Long Jelly Roll

Long Jelly Roll

Long Jelly Roll

What Is a Long Jelly Roll?

A long jelly roll is an option strategy that aims to profit from arbitrage based on option pricing. It looks for a difference in pricing between a horizontal spread (also called a calendar spread) composed of call options at a given strike price and the same horizontal spread composed of put options.

Key Takeaways

  • A long jelly roll is an option spread-trading strategy that exploits price differences in horizontal spreads.
  • Long jelly rolls include buying a long calendar call spread and selling a short calendar put spread.
  • The two spreads in a long jelly roll are usually priced so close together that there is not enough profit to justify implementing it.

Understanding Long Jelly Rolls

A long jelly roll is a complex spread strategy that positions the spread as neutral and fully hedged in relation to the directional movement of the share price. The trade aims to profit from the difference in the purchase price of these spreads.

Horizontal spreads made up of call options should be priced the same as horizontal spreads made up of put options, except for the dividend payout and interest cost subtracted from the put option price. The price of the call spread should typically be slightly higher than the put spread price, depending on whether a dividend payout will occur before expiration.

A jelly roll is created from the combination of two horizontal spreads. The spread can be constructed as a long spread or a short spread. The strategy involves buying the cheaper spread and selling the longer spread, with the profit coming from the difference between the two spreads.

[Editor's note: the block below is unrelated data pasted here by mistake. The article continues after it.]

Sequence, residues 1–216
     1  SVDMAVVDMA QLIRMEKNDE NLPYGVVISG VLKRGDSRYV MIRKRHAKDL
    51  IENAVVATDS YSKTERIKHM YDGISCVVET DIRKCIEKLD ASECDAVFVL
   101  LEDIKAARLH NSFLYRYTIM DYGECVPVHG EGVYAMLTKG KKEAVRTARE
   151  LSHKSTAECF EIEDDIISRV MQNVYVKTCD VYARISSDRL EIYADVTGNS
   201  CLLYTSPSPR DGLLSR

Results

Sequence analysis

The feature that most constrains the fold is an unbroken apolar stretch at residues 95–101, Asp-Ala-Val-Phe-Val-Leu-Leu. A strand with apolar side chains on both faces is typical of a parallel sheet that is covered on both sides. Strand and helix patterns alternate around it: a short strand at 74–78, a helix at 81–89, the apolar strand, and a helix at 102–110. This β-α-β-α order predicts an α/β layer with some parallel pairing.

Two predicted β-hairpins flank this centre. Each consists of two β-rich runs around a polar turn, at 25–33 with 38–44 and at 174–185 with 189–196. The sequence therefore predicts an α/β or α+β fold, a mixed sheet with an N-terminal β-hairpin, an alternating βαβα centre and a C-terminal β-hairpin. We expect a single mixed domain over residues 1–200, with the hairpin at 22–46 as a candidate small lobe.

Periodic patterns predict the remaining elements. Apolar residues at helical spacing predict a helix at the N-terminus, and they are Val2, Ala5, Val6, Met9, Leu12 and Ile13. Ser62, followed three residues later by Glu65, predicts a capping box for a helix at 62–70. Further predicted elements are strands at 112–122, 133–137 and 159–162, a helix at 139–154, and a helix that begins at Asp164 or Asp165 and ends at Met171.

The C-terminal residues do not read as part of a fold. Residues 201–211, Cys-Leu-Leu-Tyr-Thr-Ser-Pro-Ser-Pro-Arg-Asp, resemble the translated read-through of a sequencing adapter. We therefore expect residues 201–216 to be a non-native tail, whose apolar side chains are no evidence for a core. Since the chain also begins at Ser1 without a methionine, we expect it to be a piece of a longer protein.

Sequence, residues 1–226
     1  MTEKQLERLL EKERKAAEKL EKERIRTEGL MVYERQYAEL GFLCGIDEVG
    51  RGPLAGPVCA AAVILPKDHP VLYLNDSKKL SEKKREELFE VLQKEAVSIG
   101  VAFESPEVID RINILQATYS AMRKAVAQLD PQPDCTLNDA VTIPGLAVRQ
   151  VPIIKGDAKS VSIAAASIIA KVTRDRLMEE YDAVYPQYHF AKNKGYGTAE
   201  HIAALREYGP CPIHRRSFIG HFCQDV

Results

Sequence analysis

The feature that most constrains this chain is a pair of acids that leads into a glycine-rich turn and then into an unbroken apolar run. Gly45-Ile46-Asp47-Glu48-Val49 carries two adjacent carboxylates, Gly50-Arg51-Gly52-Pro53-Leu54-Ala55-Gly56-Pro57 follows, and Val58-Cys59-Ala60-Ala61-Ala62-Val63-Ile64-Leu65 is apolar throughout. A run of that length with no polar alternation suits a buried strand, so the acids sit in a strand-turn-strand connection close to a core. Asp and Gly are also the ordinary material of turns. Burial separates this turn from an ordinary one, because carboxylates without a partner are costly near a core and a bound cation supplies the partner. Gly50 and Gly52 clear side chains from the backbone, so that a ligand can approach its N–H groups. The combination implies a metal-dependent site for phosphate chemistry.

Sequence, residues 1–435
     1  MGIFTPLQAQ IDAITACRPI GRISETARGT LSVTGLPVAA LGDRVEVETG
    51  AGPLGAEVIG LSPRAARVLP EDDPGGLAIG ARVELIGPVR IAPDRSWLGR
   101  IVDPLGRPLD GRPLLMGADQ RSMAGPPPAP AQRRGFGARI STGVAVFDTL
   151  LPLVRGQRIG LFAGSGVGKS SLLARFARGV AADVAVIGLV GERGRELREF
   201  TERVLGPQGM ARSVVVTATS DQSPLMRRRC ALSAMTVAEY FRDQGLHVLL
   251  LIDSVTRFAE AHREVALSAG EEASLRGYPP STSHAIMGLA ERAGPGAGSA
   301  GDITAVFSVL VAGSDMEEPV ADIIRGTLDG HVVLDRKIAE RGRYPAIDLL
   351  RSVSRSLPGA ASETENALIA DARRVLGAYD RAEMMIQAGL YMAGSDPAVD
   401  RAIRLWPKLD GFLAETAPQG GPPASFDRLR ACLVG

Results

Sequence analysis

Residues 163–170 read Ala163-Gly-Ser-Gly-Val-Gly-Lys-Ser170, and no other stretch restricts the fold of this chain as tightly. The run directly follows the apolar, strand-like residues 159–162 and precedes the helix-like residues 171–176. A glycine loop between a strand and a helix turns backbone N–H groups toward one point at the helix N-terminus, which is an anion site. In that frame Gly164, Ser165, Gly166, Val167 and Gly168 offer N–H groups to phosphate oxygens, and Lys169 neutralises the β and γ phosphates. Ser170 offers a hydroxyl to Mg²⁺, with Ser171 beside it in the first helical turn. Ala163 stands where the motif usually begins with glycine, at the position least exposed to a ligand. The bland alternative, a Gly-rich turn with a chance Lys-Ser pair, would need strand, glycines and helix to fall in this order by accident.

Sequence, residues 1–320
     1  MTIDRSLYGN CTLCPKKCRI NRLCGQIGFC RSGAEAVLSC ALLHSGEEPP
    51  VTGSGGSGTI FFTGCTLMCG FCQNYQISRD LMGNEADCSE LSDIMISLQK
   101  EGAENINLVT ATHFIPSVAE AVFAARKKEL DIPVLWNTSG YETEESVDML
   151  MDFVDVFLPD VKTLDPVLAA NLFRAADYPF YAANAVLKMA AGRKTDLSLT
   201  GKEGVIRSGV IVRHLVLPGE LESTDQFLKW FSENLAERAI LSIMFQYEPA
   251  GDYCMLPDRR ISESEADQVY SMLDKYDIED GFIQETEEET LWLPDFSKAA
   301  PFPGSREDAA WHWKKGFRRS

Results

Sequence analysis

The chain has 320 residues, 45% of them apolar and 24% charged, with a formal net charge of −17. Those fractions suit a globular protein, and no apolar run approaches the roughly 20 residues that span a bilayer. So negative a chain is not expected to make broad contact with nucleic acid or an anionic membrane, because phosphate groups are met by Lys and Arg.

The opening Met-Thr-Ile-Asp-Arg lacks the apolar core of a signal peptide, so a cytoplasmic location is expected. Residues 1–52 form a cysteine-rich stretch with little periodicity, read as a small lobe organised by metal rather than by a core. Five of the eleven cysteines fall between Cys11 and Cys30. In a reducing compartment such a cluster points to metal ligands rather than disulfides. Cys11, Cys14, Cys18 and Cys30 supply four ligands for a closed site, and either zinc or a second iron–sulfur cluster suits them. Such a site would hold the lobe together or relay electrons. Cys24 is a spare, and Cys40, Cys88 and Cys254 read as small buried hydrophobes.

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Variations of this strategy can be done by implementing various modifications, including increasing the number of long positions on one or both of the horizontal spreads. Varying the strike prices for each of the two spreads creates additional risks to the trade.

For retail traders, transaction costs would likely make this trade unprofitable, as the price difference is rarely more than a few cents. However, there may be occasional exceptions where an easy profit is possible for astute traders.

Long Jelly Roll Construction

Consider the following example of when a trader would want to construct a long jelly roll spread. On Jan. 8, during normal market hours, Amazon stock shares (AMZN) were trading around $1,700.00 per share. The Jan. 15-Jan. 22 call and put spreads (with weekly expiration dates) available for the $1700 strike price were:

Spread 1: Jan. 15 call (short) / Jan. 22 call (long); price = 9.75

Spread 2: Jan. 15 put (short) / Jan. 22 put (long); price = 10.75

If a trader buys Spread 1 and Spread 2 at these prices, they can lock in a profit by effectively purchasing a long position in the stock at 9.75 and a short position in the stock at 10.75. This is because the long call and short put position create a synthetic stock position that behaves like holding shares. Similarly, the remaining short call position and long put position create a synthetic short stock position.

The net effect becomes clear because the trader initiated a calendar trade with the ability to enter and exit the stock at $1,700. The positions cancel each other out, leaving only the difference between the option spread prices as a concern.

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If the call horizontal spread can be acquired for one dollar less than the put option, the trader can lock in $1 per share per contract, resulting in a net profit.

Short Jelly Roll Construction

In the short jelly roll, the trader uses a short call horizontal spread with a long put horizontal spread—the opposite of the long construction. The spreads are constructed using the same horizontal spread methodology, but the trader is looking for a much lower call spread pricing compared to the put spread. If an unexplained price mismatch occurs, the trade becomes desirable.

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